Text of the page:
To almost everyone else, numbers started at 1 and continued upwards in strictly one direction only, no further than ingenious systems of finger arithmetic, or the clerk's counting board, allowed.

(Zero, a strange and brilliant Indian invention, is not used for counting anyway. The Greeks had no conception of a zero number.)

These numbers were solid and substantial. To Pythagoras and his followers a number was always a number of things. To arrange a number such as 16 in a square pattern of dots was their idea of advanced and abstract mathematics.

John Tierney, 'Pal Erdos is in town. His brain is open', Science, October 1984.

/ Page 20 / To merchants also, numbers counted things.

To the later Greeks, numbers were still lengths of lines, areas of plane figures, or volumes of solids. What does a sphere with a volume -10 look like?

How could they make sense of numbers less than zero?

Early mathematicians did sometimes bump into negative numbers, in the dark as it were. They tried to avoid them, or pretended that they were not there, that they were an illusion.

Diophantus was a pioneer in number theory who still thought in strongly geometrical language. He solved many equations that to us have one negative and one positive root. He accepted the positive and rejected the negative. He 'knew' it was there, but it made no sense.

If an equation had no positive root, he rejected the equation. x + 10 = 5 was not a proper equation.

Perhaps it was a misfortune for a number-theorist to be born Greek. The Indians did not think of mathematics as geometry.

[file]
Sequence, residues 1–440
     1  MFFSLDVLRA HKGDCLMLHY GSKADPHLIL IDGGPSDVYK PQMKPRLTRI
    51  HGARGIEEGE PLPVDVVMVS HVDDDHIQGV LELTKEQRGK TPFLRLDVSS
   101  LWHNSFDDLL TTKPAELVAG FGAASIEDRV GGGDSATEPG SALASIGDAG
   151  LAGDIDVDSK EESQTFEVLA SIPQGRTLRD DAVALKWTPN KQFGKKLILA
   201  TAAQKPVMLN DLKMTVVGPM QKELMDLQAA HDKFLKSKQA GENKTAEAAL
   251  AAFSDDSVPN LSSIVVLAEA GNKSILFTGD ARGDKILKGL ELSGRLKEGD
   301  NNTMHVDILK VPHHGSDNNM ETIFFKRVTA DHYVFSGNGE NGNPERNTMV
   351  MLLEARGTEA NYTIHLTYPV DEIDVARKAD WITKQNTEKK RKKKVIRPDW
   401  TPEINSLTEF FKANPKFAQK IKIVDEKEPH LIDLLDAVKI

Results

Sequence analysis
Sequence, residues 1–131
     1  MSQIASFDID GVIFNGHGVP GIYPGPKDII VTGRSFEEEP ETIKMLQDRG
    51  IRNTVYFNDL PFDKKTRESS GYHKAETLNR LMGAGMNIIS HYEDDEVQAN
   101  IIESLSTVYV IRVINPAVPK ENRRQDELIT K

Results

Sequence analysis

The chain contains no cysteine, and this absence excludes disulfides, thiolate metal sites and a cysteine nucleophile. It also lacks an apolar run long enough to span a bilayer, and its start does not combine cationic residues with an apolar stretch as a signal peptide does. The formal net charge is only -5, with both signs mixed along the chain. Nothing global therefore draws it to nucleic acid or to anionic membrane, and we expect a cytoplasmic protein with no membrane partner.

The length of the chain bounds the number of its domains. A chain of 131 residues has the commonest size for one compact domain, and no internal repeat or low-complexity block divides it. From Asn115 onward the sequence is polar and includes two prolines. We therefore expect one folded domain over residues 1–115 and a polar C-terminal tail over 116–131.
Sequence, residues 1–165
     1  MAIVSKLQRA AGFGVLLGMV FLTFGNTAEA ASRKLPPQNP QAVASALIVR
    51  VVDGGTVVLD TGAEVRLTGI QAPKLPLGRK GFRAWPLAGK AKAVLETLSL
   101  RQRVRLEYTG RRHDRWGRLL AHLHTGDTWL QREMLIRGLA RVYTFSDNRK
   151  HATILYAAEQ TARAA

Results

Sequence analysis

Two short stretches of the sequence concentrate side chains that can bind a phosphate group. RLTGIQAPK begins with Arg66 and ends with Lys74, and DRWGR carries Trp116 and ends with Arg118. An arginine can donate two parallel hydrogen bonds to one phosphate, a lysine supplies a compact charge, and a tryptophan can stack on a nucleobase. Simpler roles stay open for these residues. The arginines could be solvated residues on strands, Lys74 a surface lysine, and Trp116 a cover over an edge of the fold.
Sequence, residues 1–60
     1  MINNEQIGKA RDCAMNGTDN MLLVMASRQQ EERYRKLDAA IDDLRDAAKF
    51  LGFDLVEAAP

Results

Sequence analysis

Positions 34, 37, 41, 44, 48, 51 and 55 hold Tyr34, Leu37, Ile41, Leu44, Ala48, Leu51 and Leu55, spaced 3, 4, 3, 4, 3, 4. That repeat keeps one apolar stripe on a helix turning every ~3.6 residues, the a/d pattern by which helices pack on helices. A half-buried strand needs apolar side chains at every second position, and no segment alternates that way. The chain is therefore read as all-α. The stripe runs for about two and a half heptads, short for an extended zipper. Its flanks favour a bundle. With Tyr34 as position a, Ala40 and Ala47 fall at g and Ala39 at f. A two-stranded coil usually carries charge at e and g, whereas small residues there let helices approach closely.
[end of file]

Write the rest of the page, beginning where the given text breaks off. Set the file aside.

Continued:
Hindu mathematicians first recognized negative roots, and the two square roots of a positive number, and multiplied positive and negative numbers together, though they were suspicious also.

Bhaskara commented on the negative root of a quadratic equation, 'The second value is in this case not to be taken, for it is inadequate; people do not approve of negative roots.'

On the other hand, the Chinese had already discovered negative numbers for counting purposes. By the twelfth century they were freely using red counting rods for positive quantities and black rods for negative, the exact opposite of our bank statements before computerization. They did not, however, recognize negative roots of equations.

As any schoolteacher will recognize, a chasm separates the simple act of counting backwards from the idea that negative numbers can be operated on in the same manner as positive numbers (with a couple of provisos).

How many generations of schoolchildren have never progressed further than the magic incantation, 'Two minuses make a plus!'

Craftsmen do not need negative numbers to measure backwards along a line. They turn their ruler round, or hold the ruler firmly and walk round the length they are measuring.

Merchants and bank clerks may easily juggle credits and debits without any conception that they are subtracting one negative number from another. Their intentions are honourably practical and concrete.

/ Page 21 / In fact, they made a practical contribution to the notation of mathematics. Our familiar plus and minus signs were first used in fifteenth- century German warehouses to show when a container was over or under the standard weight..

Number-theorists had a different problem. They met negative numbers stark naked, in the abstract. The number that when added to 10 makes 5 is just a number - or is it a fake number?

Renaissance mathematicians were as distrustful as Diophantus or Bhaskara.

Michael Stifel talked of numbers that are 'absurd' or 'fictitious below zero', which are obtained by subtracting ordinary numbers from zero. Descartes and Pascal agreed.